- Hence, excluding lunch and excluding crampon practice, it is around 4.7 km; 2 hr 20 min of walking from Charamillon to Refuge Albert 1er.
- I forget to turn on the GPS from Refuge Albert 1er to Tête Blanche summit :-(
- 4.1 km; 2 hr 16 min from Tête Blanche summit to Refuge Albert 1er (lunch at Refuge).
- 4.7 km; 1 hr 30 min from Refuge Albert 1er to Charamillon cablecar station.
(Distance is from Google Earth.)
Pictures: Day 1 - to Refuge Albert 1er
1) We take the aerial cablecar from here at Le Tour.
2) Me with my bright rain pants - guaranteed to be noticed if lost in a snow storm :-)
3) On the aerial cablecar to Charamillon, looking back at Le Tour
4) Charamillon station - this is where we get off the cable car and start walking towards Refuge Albert 1er.
5) Looking back at Charamillon station ~~~
Above Charamillon is Massif des Aiguilles Rouges.
The peak on the right edge of the photo is Aiguillette des Posettes.
6) Beautiful scenery on the way to Refuge Albert 1er ~~~
- At the centre of the below pic is Massif des Aiguilles Rouges (French for "Red Peaks"). The colour of the iron rich gneiss in these mountains gives the massif its name. Its highest summit is Aiguille du Belvédère, 2965 metres.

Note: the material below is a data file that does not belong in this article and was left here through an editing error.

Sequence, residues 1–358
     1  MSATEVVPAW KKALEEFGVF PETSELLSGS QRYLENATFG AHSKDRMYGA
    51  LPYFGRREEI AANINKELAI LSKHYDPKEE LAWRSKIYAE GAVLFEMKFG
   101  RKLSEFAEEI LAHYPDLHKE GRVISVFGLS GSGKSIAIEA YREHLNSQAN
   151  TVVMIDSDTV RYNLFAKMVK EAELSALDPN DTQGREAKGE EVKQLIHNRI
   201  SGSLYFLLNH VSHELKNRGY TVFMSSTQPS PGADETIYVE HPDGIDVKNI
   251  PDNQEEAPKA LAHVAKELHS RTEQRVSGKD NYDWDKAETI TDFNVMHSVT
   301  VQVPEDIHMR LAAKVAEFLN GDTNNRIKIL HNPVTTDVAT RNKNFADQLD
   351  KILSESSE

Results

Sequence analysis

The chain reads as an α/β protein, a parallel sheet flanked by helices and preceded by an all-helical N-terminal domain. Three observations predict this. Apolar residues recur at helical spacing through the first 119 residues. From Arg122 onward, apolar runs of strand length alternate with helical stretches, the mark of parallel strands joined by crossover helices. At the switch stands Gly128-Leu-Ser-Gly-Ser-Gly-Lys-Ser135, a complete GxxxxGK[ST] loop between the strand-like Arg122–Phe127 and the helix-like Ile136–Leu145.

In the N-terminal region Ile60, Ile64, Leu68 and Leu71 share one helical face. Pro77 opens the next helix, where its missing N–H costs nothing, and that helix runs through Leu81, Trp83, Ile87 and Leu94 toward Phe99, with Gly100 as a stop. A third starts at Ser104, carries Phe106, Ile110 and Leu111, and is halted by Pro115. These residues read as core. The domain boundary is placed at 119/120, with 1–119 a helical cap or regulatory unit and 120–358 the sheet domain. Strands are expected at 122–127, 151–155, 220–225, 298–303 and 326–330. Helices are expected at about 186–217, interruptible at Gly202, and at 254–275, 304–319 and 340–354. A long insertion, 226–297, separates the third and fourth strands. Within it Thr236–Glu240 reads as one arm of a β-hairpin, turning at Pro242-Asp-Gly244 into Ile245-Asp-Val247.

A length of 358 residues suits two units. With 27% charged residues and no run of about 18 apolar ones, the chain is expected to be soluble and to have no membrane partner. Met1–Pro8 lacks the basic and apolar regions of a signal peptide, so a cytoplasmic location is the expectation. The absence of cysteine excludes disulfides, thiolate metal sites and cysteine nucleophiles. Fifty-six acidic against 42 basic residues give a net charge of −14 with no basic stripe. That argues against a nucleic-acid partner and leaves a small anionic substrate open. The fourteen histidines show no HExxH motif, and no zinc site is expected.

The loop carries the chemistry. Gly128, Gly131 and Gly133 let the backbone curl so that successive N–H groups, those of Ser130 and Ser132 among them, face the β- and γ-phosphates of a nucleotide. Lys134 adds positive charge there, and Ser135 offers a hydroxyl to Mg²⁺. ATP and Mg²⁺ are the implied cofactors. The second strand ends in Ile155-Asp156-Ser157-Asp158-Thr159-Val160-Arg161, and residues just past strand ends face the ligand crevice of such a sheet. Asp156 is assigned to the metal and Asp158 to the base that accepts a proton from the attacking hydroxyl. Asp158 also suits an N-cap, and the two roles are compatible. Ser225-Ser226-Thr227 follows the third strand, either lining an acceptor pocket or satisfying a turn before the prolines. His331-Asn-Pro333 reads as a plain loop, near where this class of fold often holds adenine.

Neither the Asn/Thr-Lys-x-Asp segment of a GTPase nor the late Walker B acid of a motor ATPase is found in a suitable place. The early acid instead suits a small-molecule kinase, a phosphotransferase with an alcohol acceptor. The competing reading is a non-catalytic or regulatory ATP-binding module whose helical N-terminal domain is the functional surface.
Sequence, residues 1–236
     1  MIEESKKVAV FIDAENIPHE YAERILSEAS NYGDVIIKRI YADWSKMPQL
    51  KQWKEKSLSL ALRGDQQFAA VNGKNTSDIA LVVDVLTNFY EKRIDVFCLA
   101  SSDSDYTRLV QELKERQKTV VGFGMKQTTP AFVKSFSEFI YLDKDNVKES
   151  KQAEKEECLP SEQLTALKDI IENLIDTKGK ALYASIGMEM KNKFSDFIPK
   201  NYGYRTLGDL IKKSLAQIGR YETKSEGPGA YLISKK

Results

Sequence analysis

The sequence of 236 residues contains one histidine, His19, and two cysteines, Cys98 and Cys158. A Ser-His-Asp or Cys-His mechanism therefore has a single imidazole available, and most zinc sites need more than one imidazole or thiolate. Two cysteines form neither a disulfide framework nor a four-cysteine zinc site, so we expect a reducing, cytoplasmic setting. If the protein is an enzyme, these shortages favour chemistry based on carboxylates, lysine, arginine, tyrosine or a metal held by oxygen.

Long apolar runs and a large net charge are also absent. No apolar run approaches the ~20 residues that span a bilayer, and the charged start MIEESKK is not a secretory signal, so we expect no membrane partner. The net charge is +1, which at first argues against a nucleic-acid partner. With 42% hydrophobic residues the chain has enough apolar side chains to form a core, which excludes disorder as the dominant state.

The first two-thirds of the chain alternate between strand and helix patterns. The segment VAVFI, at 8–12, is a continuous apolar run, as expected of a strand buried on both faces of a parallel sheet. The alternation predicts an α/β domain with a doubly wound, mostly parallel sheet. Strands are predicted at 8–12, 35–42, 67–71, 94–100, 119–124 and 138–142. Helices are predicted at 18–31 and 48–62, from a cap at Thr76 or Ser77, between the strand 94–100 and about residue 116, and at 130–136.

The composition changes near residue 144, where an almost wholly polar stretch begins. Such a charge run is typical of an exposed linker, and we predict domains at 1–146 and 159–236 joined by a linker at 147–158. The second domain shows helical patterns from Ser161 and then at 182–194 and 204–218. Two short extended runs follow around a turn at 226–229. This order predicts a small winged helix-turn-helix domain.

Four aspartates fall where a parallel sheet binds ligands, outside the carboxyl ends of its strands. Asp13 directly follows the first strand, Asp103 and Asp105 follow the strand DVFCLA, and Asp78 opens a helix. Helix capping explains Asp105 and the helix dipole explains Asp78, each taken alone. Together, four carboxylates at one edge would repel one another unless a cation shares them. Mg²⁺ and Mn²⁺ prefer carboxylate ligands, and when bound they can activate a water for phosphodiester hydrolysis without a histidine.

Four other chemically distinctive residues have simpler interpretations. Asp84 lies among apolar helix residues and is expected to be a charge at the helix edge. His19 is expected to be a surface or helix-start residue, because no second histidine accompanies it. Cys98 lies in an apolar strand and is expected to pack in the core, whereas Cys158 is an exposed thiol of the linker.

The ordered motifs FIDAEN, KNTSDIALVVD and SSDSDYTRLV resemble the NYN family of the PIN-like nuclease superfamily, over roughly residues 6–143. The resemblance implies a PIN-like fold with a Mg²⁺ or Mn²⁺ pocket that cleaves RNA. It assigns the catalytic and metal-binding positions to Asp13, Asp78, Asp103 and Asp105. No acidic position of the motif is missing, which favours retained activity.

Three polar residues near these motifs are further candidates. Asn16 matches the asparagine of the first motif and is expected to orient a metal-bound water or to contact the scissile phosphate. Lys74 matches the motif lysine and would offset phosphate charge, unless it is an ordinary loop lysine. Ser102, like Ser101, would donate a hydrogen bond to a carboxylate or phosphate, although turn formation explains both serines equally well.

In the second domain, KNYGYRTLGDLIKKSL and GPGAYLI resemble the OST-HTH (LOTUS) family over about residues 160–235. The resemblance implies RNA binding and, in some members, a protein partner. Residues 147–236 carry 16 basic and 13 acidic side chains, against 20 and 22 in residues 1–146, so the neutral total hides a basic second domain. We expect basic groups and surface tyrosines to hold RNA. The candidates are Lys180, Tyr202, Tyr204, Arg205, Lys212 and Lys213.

- On left edge of the photo and clad in snow is the Mont Blanc Massif.
7) Pink flowers ... see next pic ...
8) ... Zooming in onto the pink flowers ... if you know its name, please let me know.
9) Mont Blanc is at the centre of this photo. At 4810 meters, it is the highest mountain in the European Alps.
10) More beautiful scenery on the way to Refuge Albert 1er !
- The snow-capped mountain on the left is Mont Blanc, 4810 m.
- The mountain at the top right hand corner is Mont Buet, 3096 m.
- In between is the Massif des Aiguilles Rouges ... see also photo #6.
- Directly below the Massif are the small towns of Montroc and Le Tour. (Montroc is closer to the base of the Massif.)
11 Lenticular clouds over Mont Blanc ~~~